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Brazilian dockers set to fire third salvo in Legislation war

Brazilian dockers set to fire third salvo in Legislation war
Ports Minister Leonidas Cristino: “We will listen to what the unions have to say but we will not change the core of the legislation.”

Dockers unions have been simmering with resentment over MP 595 since it was launched in early December, 2012, and promised strike action “as soon as Carnival [which ran from February 8th to 17th this year] was over”.

They didn’t wait long to fire the first salvo when 50 dock workers boarded the heavylift vessel Zhen Hua 10 berthed in Santos in a dawn raid and halted the unloading of three ZPMC STS quay cranes and 11 RTGs destined for the new Reais1.2bn (US$610.4m) multi-purpose Embraport terminal.

After almost two days the 50 dock workers (mostly from the OGMO casual labour pool) were escorted of the Chinese vessel but not before extracting promises from government officials and a “one-off” agreement with Embraport that OGMO would “monitor” the Embraport facility despite it being in a private terminal.

Salvo number two was a national port strike on Friday February 22, 2013.

In Brasilia on Tuesday March 5, around 40,000 people marched through the streets to protest against MP 595 and now the third salvo could be fired with a nationwide port strike planned for Friday March 15 if the deadline expires without concessions from the Rousseff government to protect stevedore’s jobs and/or offer reasonable redundancy packages.

A spokesman for Codesp, the port authority for Santos, told CM: “We are expecting a strike here in Santos next Friday. The unions have said they will carry out a 12-hour stoppage to begin with, and they have carried out all threats in recent weeks.”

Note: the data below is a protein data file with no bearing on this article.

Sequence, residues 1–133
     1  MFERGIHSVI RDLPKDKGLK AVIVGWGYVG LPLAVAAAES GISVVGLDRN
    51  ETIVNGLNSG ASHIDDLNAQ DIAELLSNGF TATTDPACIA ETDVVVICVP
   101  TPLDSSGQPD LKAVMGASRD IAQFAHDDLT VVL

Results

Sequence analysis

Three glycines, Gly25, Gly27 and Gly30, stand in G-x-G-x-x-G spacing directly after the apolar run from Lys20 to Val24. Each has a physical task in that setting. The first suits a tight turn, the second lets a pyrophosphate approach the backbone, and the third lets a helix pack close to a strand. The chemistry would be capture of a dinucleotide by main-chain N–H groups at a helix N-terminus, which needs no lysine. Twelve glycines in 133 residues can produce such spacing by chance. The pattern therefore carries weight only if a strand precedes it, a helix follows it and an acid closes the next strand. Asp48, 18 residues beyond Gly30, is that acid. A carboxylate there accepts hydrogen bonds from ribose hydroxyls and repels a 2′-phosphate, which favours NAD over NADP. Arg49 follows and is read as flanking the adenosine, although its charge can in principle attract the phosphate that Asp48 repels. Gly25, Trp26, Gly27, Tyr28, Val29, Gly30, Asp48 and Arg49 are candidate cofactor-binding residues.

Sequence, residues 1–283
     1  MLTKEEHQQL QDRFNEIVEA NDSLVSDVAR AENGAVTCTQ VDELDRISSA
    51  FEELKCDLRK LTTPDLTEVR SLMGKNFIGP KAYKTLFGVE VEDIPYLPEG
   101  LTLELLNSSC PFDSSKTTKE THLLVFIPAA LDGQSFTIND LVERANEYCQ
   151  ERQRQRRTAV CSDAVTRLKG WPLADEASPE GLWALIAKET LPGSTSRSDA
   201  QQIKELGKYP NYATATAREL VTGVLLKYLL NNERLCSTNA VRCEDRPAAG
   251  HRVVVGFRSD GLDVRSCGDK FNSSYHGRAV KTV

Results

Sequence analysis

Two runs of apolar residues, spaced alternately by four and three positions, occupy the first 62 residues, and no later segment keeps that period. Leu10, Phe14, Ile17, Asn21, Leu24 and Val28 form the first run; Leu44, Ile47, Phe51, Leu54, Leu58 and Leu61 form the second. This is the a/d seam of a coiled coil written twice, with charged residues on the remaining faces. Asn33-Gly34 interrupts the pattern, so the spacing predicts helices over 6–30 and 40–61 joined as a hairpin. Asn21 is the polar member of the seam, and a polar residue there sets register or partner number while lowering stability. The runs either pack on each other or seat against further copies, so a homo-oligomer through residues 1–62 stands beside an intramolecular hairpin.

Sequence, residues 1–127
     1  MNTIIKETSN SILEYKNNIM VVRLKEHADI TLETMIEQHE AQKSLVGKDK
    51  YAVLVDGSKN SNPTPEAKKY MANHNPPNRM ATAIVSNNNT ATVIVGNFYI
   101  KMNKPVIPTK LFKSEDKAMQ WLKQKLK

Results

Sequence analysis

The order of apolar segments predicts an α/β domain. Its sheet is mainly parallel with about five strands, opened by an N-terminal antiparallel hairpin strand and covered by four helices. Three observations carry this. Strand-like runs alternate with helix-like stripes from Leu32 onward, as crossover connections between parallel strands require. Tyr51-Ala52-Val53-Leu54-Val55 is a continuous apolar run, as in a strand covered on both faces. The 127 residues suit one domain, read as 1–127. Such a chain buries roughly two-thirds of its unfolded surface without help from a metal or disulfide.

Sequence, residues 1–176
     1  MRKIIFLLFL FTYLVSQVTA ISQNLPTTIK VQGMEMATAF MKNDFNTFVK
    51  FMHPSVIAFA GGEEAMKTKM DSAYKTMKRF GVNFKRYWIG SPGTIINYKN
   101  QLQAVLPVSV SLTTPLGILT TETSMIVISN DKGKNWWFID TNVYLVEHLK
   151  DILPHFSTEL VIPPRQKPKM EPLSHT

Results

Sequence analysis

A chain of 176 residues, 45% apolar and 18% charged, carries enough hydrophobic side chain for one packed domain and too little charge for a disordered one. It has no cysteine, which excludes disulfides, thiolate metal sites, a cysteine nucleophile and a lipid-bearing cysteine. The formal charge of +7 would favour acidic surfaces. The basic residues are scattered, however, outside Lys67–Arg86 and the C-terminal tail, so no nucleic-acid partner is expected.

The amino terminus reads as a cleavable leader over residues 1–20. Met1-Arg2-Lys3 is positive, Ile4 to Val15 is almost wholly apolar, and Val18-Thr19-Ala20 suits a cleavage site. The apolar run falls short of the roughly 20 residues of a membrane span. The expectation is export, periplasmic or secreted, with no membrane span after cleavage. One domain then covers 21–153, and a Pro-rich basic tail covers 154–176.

Luiz Araujo, the commercial director for Tecondi (Santos’s third biggest box terminal) also confirmed to CM that a strike was likely. He said: “We are expecting a strike but I guess it all depends on whether the government makes progress with the negotiations with the four unions involved.”

Stevedores and other categories in Brazil are up in arms because they believe that MP 595 will lead to job losses for casual labour pool workers (OGMO) as all new business will, in their view, continue to gravitate towards the private, greenfield facilities that have recently been built e.g. Portonave, Itapoa and Embraport and that will be built in the future outside “Organised Port” areas if MP 595 goes ahead. These are mostly managed by Companhias Docas (Dock Companies) such as Codesp in Santos, CDRJ in Rio de Janeiro and Itajai Port Authority in Itajai.

However, under the new measures this arrangement is also set to change with the Secretariat of Ports (SEP) becoming responsible for centralised port planning. Ports Minister Leonidas Cristino told Brazilian media: “We will listen to what the unions have to say but we will not change the core of the legislation MP 595.”

Added to these woes, the Santos Brasil Tecon Santos facility – the largest in Latin America – and the TGG grain terminal have also had to deal with an ongoing strike by truck drivers for more than a week. This has caused several delays and some vessels have diverted to Libra Terminais’ T-37 facility and Tecondi terminal within Santos port.